pancha makara
   In Hindu TANTRISM of the “left-handed” sort, the pancha makara or “Five M’s” (SANSKRIT words that begin with that letter), sometimes called the “five forbidden things (pancha tattva),” are the elements in a special esoteric ceremony. They are mamsa (meat, usually beef), matsya (fish), madya (wine), mudra (parched grain), and mai-thuna (sexual intercourse.) These five elements are meant to involve the participants (there may be one or more pairs in a tantric ritual circle) in forbidden actions that aid in realizing the divin-ity of mundane existence. By taking “forbidden” elements, they are confronted with the fact that even those things beyond the pale in human terms partake in the truth of the divinity, usually charac-terized as the goddess.
   Beef is forbidden to all caste Hindus. It is highly polluting, and eating it is condemned by society. Fish is also not taken by most BRAHMINS and is believed to have aphrodisiac qualities. Parched grain also is known to stimulate sexual appetite and therefore is not considered desirable. Alcohol is probably the foremost of Brahmini-cal prohibitions. In the DHARMASHASTRA of MANU drinking liquor is equated with killing a Brahmin. Sexuality outside marriage is looked upon as a negative thing. The female sexual partner in tant-ric sexuality is preferably of very low caste and not the male partner’s wife.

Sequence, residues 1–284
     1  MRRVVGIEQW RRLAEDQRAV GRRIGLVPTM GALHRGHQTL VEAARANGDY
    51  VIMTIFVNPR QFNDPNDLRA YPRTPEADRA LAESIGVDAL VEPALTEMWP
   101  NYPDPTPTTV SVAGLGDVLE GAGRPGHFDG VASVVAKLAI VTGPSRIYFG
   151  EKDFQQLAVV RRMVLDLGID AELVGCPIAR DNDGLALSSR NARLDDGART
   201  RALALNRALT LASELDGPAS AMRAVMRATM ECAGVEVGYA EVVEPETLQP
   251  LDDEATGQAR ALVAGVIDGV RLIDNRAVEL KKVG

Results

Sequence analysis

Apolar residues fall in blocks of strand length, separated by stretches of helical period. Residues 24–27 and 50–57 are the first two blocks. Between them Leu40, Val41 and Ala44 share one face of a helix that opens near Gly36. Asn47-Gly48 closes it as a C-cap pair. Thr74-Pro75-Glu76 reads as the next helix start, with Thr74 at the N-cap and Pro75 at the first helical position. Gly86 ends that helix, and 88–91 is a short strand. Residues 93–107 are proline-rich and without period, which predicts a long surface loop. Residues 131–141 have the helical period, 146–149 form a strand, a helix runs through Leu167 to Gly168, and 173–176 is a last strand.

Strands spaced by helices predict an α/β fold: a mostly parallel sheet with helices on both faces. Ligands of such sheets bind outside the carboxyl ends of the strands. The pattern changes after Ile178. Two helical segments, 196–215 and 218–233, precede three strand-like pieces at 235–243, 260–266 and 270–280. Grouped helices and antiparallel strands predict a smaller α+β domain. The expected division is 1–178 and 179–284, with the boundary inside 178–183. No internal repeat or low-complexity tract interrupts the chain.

Further reading: Agehananda Bharati, The Tantric Tradition (New York: Grove Press, 1975); N. N. Bhat-tacharyya, History of the Tantric Religion: A Historical, Ritualistic and Philosophical Study (Delhi: Manohar, 1982); Sanjukta Gupta, Dirk Jan Hoens, and Teun Gou-driaan, Hindu Tantrism (Leiden: E. J. Brill, 1979).

Encyclopedia of Hinduism. . 2007.

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